Kathleen and Therese step in for a second to officially welcome Barbara Samuel to the forum. This is her first post.
“If you are seeking creative ideas, go out walking. Angels whisper to a man when he goes for a walk.” ~Raymond Inmon
I am a great believer in walking. Not speed walking or to win some contest; not to conquer or prove anything (although competition, too, can be good for the soul). Just plain old walking. Walking to shake out the tight spots in a body. Walking to fire up the imagination, to cure the blues, to nourish the spirit.
I especially believe in writers walking. Sitting at a keyboard for unending hours is hardly a healthy act for the body, and sitting in a single room, all by yourself with only a cup of coffee and your iPod for company hardly does a thing for refilling the well. Walking takes no special clothing, and almost everyone can do it. You don’t have to walk fast to get the benefit, or even go anywhere special. Walk out your front door and walk along your street or lane or alley or field. Walk like a dog, imbued with curiosity and pleasure in the moment itself: right now, walking!
Every day around 8:30, my chow mix patters into my office and sits down with a heavy sigh. I ignore him at first, usually, since My Writing Is Important and dogs can be walked at any point during the day. Jack disagrees. After ten minutes, he creeps closer to my chair and breathes on my side. Just that hot, hopeful breath, unbelievably annoying. Still, I can often ignore it a little longer.
At which point, he will raise his glittery gold-red paw and put it lightly on my leg. Please? Which he knows I cannot resist.
So I gather up leashes and harnesses and treats and poo bags and off we go, into the neighborhood, on a single 1.5 mile loop around the suburban park system between houses. Every day, the same walk, though we sometimes switch direction. Every day, the dogs—there is a terrier mix, too—can barely restrain their joy at getting out the door, into the world. The world! The great big amazing world! They snuffle the same bushes with fresh curiosity every day, stick their noses in the same prairie dog holes hoping this time to snare some tidbit of baby rodent. They prance along the same routes to lift their legs, offering their comments on the neighborhood dog blog.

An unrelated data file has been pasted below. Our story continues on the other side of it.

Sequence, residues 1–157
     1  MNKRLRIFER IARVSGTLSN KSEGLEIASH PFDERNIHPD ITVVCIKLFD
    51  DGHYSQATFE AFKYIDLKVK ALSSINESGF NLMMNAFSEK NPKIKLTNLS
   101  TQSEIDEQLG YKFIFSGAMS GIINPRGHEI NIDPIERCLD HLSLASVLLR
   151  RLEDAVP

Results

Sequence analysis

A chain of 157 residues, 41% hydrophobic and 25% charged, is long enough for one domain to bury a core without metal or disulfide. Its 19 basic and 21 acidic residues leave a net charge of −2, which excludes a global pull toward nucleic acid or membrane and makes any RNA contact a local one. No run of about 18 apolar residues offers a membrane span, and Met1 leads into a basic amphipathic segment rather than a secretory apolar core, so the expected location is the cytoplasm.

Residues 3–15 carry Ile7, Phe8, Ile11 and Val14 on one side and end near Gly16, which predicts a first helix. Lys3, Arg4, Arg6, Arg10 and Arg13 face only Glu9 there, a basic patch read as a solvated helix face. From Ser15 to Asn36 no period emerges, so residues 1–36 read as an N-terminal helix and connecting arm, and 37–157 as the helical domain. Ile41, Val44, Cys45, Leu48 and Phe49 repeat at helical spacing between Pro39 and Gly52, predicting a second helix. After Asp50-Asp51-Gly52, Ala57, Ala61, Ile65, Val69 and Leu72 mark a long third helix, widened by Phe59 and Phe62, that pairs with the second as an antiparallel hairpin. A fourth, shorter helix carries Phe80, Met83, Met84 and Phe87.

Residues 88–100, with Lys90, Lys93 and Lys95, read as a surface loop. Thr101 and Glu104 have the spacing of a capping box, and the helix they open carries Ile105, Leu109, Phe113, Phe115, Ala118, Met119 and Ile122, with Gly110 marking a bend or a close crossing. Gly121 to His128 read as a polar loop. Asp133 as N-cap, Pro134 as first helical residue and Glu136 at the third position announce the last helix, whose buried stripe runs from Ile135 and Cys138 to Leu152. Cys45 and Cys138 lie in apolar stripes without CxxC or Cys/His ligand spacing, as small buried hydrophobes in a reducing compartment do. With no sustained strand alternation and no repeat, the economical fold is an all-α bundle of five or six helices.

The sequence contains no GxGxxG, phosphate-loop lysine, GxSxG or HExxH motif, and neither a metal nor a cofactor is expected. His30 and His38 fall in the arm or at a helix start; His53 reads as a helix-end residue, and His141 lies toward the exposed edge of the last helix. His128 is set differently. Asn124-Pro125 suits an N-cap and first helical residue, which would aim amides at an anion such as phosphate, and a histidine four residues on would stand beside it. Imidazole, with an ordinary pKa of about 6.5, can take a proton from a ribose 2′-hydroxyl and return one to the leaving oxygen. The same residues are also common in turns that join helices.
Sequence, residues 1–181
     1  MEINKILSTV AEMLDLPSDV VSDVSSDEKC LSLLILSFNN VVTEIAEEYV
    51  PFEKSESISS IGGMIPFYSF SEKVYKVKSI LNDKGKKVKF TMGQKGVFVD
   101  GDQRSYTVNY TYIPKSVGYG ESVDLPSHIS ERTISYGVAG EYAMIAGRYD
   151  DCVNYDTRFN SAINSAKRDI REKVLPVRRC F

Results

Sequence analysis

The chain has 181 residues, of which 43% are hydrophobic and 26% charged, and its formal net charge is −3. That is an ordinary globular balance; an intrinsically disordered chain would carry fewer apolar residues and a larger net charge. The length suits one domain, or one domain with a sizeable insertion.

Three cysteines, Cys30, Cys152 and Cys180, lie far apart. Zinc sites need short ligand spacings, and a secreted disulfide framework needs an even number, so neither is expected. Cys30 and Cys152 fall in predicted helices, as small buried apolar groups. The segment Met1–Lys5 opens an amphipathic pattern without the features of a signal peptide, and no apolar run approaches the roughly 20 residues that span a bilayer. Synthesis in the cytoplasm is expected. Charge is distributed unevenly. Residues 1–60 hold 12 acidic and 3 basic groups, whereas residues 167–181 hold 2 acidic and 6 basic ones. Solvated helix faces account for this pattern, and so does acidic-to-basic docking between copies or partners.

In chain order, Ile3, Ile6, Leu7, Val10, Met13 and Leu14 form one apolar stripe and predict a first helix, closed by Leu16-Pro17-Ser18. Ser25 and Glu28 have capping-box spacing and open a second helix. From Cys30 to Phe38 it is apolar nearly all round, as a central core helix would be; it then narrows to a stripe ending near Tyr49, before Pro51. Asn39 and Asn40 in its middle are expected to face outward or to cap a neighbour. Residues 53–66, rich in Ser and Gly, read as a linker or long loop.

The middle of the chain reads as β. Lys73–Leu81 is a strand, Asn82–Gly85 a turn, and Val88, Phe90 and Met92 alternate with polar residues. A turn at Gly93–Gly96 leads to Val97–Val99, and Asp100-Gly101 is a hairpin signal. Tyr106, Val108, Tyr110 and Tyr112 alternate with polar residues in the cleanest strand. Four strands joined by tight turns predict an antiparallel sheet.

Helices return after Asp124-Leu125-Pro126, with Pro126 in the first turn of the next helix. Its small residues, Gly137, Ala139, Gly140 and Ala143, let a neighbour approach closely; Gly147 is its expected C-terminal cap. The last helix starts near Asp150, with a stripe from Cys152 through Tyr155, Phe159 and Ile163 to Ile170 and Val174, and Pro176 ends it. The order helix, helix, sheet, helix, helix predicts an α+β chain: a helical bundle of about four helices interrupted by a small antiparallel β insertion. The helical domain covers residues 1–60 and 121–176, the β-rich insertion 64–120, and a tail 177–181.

It takes roughly a half hour. While the dogs are doing dog things, my writer brain is inevitably unknotting some little issue with the work, whether it is a sentence or a plot, a character issue or a connection. Some days I am tired and don’t want to think at all; often it is those days, when I’m yawning while the dogs snuffle over the juniper bush, that I notice something I haven’t seen. A landscape drawn in colored chalk, perhaps by a knot of teenagers who cheerily waved at me not too long ago at dusk, hoping their friendliness would distract me from the scent of burning cannibis in the air. Or perhaps I notice the border collie on the corner is sticking his nose over the fence and it reminds me of a dog I once loved, who would be a perfect addition to the character who is so flat. If I am walking like my dogs, I see the grove of aspens anew each day, and the sky, and the mountains, changing every hour.
Walking every morning this way shakes out my limbs, gets some sunshine on my face, opens the shutters of my brain and lets a freshening wind blow through. I collect images—that old leaf, that smell of pine needles, spicy and wet, the curtains hanging askew in an upstairs bedroom—and music, of birds, of traffic, of the echoey, lost sound of children playing in the distance, out of sight. When I return to the keyboard, the usual stiffness of a long-time writer is shaken out. My spine is straighter, my oxygen-enriched brain a much more efficient organ, and the work much better, and I’ve worked out some knot of tension in my body, and in the work.
Do you like to walk? Is there a time of day you like best?
Photo courtesty Flickr’s Maddie Digital